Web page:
Q: What about the Wainstein report – how does it play into the NCAA investigation?
A: Wainstein is the former federal prosecutor UNC hired in February to conduct another investigation into the AFAM mess. He’s investigating the no-show classes, the unauthorized grade changes and independent studies courses that had little to no instruction. His investigation is being counted on to be the most comprehensive investigation to date of the problems in AFAM, and their relationship to athletics. Wainstein was always going to be working with the NCAA, in a sense. He released a statement on Monday in which he said he’d already had conversations with the NCAA Enforcement Staff. Those conversations will continue, he said. Wainstein anticipates that his report will be finished at some point in the fall. The NCAA will review that report – it was always going to review it, even without starting another investigation – and the process will play out from there. The Wainstein investigation, it seems, will likely help the NCAA be as thorough as possible this time around.
Q: I’ve seen some speculation that maybe, just maybe, the NCAA is getting back involved as a formality – so it can say it looked into the AFAM stuff and then say “nothing to see here” and be done with this. Thoughts?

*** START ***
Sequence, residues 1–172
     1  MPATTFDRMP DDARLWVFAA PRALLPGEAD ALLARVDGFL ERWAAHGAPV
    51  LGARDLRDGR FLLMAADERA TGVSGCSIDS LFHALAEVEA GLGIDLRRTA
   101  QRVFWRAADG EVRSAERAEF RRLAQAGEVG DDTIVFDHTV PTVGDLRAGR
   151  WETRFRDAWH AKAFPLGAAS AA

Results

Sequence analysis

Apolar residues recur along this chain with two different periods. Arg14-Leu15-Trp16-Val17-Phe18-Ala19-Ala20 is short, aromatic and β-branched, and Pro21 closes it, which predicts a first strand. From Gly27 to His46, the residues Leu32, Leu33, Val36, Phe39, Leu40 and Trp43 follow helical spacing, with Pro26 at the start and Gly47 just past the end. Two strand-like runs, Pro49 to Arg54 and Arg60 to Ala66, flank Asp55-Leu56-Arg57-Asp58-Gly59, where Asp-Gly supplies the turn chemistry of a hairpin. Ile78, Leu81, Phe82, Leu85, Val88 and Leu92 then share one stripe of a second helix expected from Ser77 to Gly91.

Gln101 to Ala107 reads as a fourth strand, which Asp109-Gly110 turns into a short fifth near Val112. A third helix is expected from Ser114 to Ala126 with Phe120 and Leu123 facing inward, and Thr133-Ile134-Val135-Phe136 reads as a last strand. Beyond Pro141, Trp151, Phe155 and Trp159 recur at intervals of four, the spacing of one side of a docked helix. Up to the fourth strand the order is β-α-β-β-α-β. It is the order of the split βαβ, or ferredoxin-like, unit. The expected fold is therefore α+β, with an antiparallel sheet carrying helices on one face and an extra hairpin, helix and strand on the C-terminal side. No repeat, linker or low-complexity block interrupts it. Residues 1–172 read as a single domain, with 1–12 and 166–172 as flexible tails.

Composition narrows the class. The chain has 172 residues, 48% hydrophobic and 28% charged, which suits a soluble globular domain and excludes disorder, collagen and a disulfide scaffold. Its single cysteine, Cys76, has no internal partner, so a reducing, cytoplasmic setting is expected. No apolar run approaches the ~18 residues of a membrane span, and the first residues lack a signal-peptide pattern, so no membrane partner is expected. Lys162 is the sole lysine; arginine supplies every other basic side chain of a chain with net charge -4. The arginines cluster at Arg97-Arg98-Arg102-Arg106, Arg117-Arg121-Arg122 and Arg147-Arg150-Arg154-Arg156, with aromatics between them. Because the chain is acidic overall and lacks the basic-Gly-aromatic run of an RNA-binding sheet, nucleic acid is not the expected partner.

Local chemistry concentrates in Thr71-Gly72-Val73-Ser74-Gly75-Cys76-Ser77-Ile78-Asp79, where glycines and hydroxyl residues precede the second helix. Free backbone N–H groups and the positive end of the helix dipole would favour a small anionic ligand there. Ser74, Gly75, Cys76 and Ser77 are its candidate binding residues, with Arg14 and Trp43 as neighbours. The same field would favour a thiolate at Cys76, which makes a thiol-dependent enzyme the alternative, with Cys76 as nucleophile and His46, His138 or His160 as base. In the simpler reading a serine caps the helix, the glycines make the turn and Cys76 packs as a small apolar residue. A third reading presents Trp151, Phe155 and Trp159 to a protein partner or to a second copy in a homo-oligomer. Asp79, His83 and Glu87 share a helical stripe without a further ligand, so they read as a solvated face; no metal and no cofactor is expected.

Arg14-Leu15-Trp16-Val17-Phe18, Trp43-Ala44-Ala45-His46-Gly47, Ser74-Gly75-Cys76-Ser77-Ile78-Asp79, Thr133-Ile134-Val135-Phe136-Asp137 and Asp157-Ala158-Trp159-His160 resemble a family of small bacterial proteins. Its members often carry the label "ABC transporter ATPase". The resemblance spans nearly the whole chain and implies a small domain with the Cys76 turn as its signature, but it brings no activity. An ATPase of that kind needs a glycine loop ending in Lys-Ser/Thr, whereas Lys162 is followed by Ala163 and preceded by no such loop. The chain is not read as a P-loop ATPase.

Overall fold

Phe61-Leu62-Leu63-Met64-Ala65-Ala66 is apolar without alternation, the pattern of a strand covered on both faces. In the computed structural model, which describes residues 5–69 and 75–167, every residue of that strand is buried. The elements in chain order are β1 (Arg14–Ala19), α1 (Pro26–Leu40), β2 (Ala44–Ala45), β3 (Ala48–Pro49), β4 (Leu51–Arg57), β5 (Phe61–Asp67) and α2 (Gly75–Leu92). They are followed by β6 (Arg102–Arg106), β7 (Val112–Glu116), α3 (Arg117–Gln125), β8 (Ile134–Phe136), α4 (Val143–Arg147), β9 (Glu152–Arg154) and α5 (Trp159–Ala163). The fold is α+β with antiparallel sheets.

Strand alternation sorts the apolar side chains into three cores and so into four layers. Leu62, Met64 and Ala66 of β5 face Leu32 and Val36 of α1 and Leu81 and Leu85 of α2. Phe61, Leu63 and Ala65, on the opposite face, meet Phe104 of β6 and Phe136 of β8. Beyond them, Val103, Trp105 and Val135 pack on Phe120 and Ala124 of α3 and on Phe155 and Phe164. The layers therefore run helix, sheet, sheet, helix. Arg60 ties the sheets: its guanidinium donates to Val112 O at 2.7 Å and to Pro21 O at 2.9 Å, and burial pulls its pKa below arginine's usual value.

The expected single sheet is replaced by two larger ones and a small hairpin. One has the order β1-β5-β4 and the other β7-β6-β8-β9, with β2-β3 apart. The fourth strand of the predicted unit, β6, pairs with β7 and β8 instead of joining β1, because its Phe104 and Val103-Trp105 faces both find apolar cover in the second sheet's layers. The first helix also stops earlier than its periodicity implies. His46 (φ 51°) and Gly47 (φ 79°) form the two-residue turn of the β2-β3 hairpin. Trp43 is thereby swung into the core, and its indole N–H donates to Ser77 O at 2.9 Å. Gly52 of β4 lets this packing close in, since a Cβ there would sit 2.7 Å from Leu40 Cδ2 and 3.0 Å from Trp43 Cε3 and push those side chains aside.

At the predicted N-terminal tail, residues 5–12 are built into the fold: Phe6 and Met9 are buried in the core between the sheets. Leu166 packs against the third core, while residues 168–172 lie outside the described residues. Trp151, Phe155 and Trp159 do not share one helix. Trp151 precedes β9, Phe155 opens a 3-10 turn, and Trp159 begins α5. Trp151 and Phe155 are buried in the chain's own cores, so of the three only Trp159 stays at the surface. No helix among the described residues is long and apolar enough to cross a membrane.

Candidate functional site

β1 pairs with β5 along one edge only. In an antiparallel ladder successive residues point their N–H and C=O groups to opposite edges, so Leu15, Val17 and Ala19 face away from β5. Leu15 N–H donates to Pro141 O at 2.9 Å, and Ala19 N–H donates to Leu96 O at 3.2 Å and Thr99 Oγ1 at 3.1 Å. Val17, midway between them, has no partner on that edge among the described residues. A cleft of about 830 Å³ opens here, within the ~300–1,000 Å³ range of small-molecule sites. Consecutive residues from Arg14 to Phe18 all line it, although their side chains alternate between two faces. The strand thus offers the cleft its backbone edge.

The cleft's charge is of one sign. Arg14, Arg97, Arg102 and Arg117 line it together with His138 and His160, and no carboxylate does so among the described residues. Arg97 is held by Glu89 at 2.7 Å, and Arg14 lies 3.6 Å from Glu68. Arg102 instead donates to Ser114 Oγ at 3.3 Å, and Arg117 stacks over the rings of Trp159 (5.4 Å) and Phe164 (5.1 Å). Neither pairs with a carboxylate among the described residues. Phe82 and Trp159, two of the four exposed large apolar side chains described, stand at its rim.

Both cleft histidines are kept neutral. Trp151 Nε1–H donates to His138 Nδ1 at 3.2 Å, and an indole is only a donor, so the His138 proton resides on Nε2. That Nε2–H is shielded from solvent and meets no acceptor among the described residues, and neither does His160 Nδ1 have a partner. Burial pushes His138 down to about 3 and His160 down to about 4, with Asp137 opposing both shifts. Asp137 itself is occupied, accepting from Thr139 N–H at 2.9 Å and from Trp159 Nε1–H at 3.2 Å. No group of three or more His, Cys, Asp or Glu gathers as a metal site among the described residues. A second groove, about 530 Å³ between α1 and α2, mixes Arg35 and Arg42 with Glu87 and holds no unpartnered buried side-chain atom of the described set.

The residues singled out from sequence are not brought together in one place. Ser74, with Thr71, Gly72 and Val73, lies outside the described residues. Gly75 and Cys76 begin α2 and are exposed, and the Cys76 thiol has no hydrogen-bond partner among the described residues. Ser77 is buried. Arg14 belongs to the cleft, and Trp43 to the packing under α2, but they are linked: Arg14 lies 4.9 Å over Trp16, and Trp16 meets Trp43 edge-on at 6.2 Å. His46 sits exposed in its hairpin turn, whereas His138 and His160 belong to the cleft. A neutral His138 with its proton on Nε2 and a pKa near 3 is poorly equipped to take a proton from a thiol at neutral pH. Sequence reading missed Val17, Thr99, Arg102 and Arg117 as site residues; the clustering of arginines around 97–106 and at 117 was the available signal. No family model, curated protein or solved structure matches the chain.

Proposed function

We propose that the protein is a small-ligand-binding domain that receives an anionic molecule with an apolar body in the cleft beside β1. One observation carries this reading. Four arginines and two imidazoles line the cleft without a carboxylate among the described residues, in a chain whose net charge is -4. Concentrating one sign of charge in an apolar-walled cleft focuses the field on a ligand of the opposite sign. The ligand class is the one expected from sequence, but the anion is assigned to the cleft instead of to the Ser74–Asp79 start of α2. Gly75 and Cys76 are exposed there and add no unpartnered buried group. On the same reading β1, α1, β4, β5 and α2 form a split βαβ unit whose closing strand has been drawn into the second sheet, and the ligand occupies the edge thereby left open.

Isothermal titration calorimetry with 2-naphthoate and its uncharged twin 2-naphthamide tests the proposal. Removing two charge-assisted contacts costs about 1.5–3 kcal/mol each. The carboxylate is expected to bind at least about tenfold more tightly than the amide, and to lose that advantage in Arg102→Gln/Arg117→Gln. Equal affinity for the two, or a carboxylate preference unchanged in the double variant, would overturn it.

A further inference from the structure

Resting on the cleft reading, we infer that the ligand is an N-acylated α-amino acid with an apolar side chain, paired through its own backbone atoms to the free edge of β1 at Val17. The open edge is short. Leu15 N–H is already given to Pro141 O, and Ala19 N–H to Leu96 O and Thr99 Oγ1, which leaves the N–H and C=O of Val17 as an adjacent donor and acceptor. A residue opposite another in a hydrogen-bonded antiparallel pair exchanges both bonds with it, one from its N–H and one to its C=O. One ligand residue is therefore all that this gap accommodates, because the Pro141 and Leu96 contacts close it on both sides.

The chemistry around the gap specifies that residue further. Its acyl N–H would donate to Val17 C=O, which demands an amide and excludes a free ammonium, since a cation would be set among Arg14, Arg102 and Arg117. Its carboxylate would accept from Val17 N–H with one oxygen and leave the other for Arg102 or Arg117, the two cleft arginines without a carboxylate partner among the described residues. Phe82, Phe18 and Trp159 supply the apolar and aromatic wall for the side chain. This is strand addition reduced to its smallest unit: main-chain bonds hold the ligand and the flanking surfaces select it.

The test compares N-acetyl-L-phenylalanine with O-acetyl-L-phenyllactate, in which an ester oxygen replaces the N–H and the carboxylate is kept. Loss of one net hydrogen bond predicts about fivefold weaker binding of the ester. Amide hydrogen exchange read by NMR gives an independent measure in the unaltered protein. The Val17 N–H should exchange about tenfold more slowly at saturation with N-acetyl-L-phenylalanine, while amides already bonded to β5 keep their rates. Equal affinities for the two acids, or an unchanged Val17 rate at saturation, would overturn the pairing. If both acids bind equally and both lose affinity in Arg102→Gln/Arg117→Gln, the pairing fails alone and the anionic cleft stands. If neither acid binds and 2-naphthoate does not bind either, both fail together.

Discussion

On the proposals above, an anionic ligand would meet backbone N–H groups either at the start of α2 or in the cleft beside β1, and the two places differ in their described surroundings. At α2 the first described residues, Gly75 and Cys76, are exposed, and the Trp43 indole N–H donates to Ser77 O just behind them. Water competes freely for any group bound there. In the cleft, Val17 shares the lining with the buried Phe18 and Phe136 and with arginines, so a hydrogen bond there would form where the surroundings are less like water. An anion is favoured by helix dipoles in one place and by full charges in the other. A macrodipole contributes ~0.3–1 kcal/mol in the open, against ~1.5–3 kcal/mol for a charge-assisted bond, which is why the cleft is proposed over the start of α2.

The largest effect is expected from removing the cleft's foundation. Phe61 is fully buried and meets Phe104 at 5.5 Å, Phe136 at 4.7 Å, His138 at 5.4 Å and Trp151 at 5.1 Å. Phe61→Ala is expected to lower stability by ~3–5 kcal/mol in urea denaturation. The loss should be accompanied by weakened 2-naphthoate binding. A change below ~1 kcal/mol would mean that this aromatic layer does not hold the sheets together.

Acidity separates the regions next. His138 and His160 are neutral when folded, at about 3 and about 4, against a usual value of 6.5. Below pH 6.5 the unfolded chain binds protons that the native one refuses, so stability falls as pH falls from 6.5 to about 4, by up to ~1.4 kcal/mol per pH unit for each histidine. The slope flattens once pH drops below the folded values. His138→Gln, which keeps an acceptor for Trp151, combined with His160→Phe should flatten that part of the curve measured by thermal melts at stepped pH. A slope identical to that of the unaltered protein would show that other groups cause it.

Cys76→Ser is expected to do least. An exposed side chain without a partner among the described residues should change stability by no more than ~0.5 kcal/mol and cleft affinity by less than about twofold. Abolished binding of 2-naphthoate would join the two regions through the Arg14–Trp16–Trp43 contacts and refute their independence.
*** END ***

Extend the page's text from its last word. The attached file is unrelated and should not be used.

A: Not a chance that’s the NCAA’s mindset entering this. Yes, the NCAA has received plenty of criticism for its inaction in this case during the past two years. Plenty of national media members have ripped the NCAA, and its silence on the UNC case has made its way to Washington, D.C., where members of Congress have questioned the NCAA’s disinterest – until now – in the UNC case. So yes, the NCAA felt some pressure – or at least received some pressure – to do something. Even so, the NCAA does what it wants. And when it comes to investigations, it’s sometimes difficult to explain why it looks some places but not others, or why some investigations take so long. Regardless, the NCAA wouldn’t reopen an investigation just for show. That’s not how it operates.
Q: So what kind of a time frame are we looking at here?
A: My guess is a longer one than anyone at UNC would like. NCAA investigations sometimes move at a glacial pace. I covered one at Florida State once that seemed to last forever. I think it was two years or so, in fact. The first NCAA investigation at UNC started in the summer of 2010 and ended in March 2012, with the release of the Committee on Infractions’ final report. No one can say for sure how long this will last. The Wainstein report is expected in the fall, so the NCAA case will undoubtedly last beyond the release of that report. I’m guessing it lasts a good while longer, and that it could stretch into 2015. That’s just how things work with the NCAA. (Remember how long the P.J. Hairston/ Leslie McDonald cases took to resolve?) Even if all the NCAA wants to do is talk with Nyang’oro and Crowder, investigations tend to take a long, winding path. One we all could be following for a while. And here’s another thing, too: You never know what NCAA investigators are going to uncover. They could be investigating one thing, and another problem could emerge. That’s what happened during the original investigation, and it’s how the academic misconduct side of that investigation emerged -- the NCAA discovered it when it was looking into impermissible benefits. So the old saying is true: You never want the NCAA on your campus, because you never know what it might find.